Hans Wilsdorf established the Rolex brand in 1908.
Seiko developed the first Japanese wristwatch in 1913.
Patek Philippe released their first five-minute repeating complex women’s wristwatch in 1916.
1917: The British War Department begins giving wristwatches to soldiers as regular equipment
John Harwood, a British watchmaker, patented the self-winding wristwatch in 1923.
Patek Philippe built the first minute-repeating men’s watch in 1924 for automobile engineer Ralph Teetor, the inventor of cruise control.
Patek Philippe created the world’s first known perpetual-calendar wristwatch in 1925.
Rolex proves the waterproofness of their Oyster watches by transporting one across the English Channel on the wrist of swimmer Mercedes Gleitze. The watch still works well after 10 hours in the water.
Wristwatches outnumbered pocket watches by a 50:1 margin in 1930.
Rolex unveiled the world’s first self-winding watch with a perpetual rotor in 1931. This technology is still used in the watch industry today.
Omega introduced the world’s first commercially available diver’s watch in 1932.
1940: Omega commercializes advances in water resistance, shock resistance, and anti-magnetism.
Patek Philippe begins investigating electronic applications in watchmaking in 1948.
1953: Rolex releases their now-famous Submariner watch.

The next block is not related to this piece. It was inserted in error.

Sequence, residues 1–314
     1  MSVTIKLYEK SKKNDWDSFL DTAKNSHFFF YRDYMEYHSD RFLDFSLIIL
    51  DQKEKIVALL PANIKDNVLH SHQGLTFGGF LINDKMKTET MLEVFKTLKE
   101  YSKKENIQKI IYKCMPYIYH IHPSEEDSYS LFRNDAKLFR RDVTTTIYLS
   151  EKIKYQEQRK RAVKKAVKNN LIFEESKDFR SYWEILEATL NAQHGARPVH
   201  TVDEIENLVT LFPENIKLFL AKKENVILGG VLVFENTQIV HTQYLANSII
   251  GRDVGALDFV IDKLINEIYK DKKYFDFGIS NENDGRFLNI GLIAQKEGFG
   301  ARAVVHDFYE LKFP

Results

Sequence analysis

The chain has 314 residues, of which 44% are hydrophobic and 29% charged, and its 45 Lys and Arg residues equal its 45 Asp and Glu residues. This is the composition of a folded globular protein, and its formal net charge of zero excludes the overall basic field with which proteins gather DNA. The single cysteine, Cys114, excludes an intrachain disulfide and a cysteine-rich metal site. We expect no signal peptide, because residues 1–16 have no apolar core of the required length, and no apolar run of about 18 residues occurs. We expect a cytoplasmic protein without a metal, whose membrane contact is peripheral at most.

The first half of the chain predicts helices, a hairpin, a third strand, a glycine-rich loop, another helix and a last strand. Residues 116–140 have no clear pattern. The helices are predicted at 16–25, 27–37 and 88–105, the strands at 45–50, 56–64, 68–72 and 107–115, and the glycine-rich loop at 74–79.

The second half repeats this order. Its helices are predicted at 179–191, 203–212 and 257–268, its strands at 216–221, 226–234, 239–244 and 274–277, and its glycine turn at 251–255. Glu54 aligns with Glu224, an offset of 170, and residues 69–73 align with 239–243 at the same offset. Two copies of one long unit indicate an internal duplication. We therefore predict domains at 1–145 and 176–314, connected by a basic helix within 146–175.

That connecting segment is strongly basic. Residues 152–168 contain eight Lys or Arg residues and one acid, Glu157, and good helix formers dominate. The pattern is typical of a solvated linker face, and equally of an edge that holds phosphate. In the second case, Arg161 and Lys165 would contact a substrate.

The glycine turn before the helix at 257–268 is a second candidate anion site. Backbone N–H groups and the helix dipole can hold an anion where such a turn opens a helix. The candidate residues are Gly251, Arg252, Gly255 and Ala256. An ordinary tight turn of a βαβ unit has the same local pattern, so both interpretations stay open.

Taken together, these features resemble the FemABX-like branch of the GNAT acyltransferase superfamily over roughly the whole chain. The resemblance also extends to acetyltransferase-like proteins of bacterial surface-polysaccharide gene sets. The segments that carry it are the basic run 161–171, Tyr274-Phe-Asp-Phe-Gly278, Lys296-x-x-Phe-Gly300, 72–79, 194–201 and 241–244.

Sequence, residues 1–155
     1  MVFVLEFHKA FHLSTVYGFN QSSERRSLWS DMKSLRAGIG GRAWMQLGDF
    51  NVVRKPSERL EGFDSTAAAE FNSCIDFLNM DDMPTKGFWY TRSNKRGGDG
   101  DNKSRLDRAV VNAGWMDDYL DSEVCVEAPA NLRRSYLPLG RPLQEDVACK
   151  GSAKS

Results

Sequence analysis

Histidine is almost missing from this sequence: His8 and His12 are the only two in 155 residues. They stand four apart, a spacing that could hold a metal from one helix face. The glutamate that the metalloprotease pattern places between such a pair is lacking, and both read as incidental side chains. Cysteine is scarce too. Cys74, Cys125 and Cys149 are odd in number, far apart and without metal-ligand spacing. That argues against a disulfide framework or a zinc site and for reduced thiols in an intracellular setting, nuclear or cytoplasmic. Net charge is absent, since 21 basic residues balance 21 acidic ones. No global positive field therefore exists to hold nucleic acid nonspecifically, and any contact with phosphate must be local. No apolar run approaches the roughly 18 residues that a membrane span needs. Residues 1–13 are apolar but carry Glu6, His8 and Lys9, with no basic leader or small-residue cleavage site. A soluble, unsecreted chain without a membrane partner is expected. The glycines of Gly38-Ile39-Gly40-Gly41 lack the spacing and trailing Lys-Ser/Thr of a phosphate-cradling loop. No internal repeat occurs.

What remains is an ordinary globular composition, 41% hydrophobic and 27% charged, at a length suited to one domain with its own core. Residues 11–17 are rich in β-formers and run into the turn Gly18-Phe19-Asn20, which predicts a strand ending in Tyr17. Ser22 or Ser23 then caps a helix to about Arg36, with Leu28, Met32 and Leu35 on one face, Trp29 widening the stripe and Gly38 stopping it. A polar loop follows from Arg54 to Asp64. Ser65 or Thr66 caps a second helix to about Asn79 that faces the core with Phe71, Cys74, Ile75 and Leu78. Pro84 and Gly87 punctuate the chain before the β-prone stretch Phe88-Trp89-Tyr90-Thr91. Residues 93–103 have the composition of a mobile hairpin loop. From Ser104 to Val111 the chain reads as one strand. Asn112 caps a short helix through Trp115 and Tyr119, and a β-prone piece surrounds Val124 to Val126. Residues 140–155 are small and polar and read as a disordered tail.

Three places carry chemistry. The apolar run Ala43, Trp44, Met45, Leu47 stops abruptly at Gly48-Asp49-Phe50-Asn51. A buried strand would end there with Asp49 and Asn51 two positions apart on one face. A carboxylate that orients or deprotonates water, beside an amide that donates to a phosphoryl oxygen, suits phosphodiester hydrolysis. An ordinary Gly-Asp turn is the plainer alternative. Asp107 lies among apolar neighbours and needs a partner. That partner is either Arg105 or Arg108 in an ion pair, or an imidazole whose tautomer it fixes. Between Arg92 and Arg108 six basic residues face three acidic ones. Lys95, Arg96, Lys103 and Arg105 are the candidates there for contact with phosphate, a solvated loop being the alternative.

1957: Omega launches their Seamaster and Speedmaster wristwatch lines. Casio Computer Co. was founded, albeit its first watch would not be available until 1978.
1959: Seiko and its daughter business Epson begin constructing the first electric quartz watch movement.
The Omega Speedmaster became the official watch of NASA in 1965.
Seiko launched commercial production of its quartz movement electronic watch in 1969. Neil Armstrong is the first person to set foot on the moon, and he does it while wearing an Omega Speedmaster.
Wrist Watches in History, large number of designers and watch makers have emerged in recent years, many of whom produce extremely high-quality timepieces in a wide range of price ranges and designs, thanks to the globalization of the market and the greater accessibility of high-quality technology.
Any style is accessible if you’re ready to look for it, from tactical military watches to the finest luxury yachting watches. The wristwatch’s legacy lives on, and it has become a significant element of everyday life as a piece that demonstrates both personal taste and dependable functionality. Remember, the clock is ticking if you haven’t already added one to your EDC gear.